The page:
So I looked around me in the Fall semester of my senior year and thought about the English degree I was so close to receiving and I realized, “I don’t know what to do with this.”

Undeterred at age 21 by a realization that would paralyze me at age 32, I began mulling over graduate school. Graduate school, that blessed place of respite allowing young adults with Big Thoughts to deter a big, scary decision just a little bit longer.

And once graduate school was decided upon, the path was clear: I would go to library school.

Yes, chuckle if you will. But deep down, doesn’t a part of you want to go to library school, too?

And, surprising as it was to me, I had stumbled into my perfect career.

Now, it wasn’t easy to allow myself to come to peace with librarianship, because being a librarian in this world is an exercise in developing a thick skin. Is there a profession that carries with it more stereotypes? Or one that is the butt of more jokes? It doesn’t help matters that I still haven’t married, making me not only a librarian, but, dare I say it, a spinster librarian?? Just typing the phrase makes me cringe.

And yet, all told, I love being a librarian. I get to wake up every morning and go to the LIBRARY. Every bit of knowledge, no matter how random, is useful in my career. I rock at Jeopardy. I can check out more books at a time than ANYONE. Heck, I don’t even have to check them out! If I want a book that the library doesn’t have, I can just buy it with library money! I can delete my own fines!! At one job, I could go back to the Archives anytime I wanted and freely peruse a 3-volume copy of Foxe’s Book of Martyrs from the 1600s, complete with a dedication in the front to Elizabeth I. At another, I got to eat lunch in a room housing the largest collection of Tiffany glass anywhere in the world. And at my current job, teenagers come up to me and ask me what book they should read….I love that. And not only do I know more about technology than my school’s technology specialist, I also know how to explain it to people so that they can actually use it!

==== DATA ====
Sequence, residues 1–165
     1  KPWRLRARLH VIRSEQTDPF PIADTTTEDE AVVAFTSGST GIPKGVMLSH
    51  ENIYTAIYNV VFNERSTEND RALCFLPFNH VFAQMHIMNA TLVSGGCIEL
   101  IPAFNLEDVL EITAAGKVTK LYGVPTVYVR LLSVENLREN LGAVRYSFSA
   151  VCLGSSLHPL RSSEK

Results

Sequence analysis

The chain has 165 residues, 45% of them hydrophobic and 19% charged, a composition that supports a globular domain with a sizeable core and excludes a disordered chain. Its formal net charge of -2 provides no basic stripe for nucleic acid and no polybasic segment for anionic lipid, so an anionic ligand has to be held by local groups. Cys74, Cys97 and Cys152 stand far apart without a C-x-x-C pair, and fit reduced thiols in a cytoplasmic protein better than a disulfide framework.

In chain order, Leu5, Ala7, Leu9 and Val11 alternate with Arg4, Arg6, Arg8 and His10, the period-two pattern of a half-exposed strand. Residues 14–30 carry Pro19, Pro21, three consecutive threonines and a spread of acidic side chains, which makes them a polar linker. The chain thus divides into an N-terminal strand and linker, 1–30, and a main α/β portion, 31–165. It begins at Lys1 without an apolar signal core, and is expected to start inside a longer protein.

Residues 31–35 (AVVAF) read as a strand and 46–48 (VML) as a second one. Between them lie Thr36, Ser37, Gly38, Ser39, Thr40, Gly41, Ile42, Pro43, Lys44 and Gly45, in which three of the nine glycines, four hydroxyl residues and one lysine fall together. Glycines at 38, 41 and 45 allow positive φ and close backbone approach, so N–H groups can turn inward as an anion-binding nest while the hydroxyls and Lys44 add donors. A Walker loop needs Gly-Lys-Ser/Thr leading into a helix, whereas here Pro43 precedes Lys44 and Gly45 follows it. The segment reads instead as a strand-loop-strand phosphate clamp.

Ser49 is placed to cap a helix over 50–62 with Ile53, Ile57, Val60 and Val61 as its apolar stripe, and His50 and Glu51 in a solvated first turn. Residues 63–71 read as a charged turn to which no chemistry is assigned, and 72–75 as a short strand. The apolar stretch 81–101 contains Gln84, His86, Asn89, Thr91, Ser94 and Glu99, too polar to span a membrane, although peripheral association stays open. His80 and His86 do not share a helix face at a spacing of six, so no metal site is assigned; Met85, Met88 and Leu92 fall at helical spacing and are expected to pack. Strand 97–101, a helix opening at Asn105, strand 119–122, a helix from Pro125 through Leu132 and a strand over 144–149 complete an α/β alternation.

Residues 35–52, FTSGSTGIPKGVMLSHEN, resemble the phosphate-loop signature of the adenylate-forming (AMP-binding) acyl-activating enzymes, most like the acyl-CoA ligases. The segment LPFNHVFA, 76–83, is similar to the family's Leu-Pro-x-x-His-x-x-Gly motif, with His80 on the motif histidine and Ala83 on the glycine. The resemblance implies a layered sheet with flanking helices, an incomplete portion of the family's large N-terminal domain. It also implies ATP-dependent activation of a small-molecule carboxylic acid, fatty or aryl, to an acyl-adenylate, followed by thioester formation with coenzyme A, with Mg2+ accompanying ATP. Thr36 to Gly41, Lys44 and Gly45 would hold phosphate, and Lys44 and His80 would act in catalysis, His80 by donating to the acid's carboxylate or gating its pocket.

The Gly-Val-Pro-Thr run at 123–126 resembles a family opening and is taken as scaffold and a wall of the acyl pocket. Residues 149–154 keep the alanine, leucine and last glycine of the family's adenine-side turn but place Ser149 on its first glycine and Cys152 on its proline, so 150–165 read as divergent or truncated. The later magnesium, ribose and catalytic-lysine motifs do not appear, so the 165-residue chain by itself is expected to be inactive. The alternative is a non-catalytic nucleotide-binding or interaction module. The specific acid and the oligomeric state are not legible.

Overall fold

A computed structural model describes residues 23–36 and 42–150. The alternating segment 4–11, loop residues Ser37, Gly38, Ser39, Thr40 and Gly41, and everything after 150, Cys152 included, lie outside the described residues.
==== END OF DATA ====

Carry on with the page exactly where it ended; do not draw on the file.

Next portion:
And the possiblities for the future are endless….librarians are everywhere! In hospitals, schools, museums, working for newspapers and network TV stations, in tiny, rural public libraries and huge urban ones…..I love that my career could take me to any of those places.

So I write this blog post not to recruit new librarians, but rather to proclaim that I really do like what I’m doing and that somehow, even with no clear direction in mind, I ended up in the right place.

And don’t we always?

And doesn’t realizing that make it much easier to enjoy this crazy ride?

Guest Blog the Blogarian

People, Jenny doesn’t need much of an introduction, either. I know I talk about high school a lot, and Jenny’s definitely one of the key figures who’s strided with me since the 10th grade.

Also, I think her post is fitting, valedictory, somewhat. I admire this woman who made high school one of the most wonderful experiences of my life. I admire what she’s done with her life. I appreciate her friendship, and her offering up anything of hers to encourage me to become a better person. She’s pretty amazing. I hope everyone gets a chance to meet her sometime.

Oh, the valedictory part. A month from tomorrow, well.

A month from tomorrow.

I’ll be taking a trip down memory lane over the next month. Listing a few things I’ll miss as well as some things I definitely won’t miss.